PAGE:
But actually my all time favourite is the one from USJ Taipan, Nam King restaurant's Chicken Rice stall. It's got even more flavour than the popular shop in Kampar.
Which is why when I made this, I made sure nothing is missing. And I sought the recipe with the most ingredients used, cos I don't want mine to be missing something somewhere. Indeed, this is my perfect recipe. I won so much approval from everybody who ate it and they raved and raved about it. I did tweak from the source of recipe by adding in garlic and this is the magic ingredient (and by halving the marinade for 2kg of meat, too salty already!!), cos I think it'll add a nice touch to it, overall, it's still pretty similiar.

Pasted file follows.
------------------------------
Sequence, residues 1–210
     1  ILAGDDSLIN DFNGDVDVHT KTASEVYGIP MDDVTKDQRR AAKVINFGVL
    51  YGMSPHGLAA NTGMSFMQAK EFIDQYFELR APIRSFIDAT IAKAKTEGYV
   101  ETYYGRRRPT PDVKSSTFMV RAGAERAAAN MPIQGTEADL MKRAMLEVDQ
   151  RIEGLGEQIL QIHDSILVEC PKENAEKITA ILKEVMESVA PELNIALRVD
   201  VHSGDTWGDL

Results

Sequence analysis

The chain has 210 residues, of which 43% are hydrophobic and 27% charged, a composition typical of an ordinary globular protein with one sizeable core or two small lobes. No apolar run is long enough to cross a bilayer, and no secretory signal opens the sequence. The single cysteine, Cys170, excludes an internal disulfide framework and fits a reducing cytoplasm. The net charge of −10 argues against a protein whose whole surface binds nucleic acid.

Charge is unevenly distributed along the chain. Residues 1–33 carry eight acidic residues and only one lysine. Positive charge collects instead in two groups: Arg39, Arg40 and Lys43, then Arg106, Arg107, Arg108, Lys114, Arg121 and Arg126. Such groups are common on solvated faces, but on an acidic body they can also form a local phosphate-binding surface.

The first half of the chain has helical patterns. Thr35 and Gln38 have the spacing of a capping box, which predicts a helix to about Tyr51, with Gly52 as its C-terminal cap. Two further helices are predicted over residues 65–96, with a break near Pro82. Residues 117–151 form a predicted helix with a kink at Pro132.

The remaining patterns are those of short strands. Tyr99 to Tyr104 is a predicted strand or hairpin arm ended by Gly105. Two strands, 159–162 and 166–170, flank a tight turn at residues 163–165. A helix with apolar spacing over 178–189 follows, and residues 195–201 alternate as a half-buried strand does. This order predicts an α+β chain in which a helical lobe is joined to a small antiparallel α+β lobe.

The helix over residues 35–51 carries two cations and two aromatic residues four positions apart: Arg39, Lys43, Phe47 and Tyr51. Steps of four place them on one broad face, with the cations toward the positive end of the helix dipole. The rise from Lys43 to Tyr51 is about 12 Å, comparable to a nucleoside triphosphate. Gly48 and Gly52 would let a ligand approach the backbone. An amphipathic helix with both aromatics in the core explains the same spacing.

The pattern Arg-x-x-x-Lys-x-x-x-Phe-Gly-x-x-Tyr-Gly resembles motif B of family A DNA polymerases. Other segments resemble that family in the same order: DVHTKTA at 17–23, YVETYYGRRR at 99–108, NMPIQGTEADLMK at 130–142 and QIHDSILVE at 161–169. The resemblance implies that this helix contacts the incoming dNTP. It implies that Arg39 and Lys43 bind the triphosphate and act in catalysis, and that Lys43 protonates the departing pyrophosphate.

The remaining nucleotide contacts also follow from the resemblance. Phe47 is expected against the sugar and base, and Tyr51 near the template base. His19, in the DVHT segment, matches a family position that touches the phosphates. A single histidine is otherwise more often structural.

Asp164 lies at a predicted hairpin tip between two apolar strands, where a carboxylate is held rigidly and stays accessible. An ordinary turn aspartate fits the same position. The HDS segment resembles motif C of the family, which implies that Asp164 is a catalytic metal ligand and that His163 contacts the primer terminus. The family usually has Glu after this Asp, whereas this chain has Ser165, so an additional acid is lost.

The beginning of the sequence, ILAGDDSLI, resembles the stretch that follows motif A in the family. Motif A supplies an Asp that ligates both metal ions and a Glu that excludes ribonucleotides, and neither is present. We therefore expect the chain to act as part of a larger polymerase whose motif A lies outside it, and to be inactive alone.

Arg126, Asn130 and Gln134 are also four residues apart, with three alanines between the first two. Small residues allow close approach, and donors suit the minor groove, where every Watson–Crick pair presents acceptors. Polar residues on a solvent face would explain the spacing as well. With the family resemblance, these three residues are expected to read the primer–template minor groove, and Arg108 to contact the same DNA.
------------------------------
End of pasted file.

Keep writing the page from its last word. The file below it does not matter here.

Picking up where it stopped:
The 1st time, I was elated to see it becoming pretty roast pork, but my chopping skills made them look less pretty. Maybe I was impatient and the pork was a bit too warm when I laid my cleaver onto it. Made the amount of marinade, but used only 2kg of pork, too salty!!!! And I didn’t clean my tray after the 1st baking, the 2nd baking with elevated temperature boiled the oil of the pork and made my kitchen into heaven when I opened the door, it was “misty” all over!!!! My house smelt like “urrgghhh” roast pork. My oven was splattered with lard!!! Everybody complained the meat part was too too salty.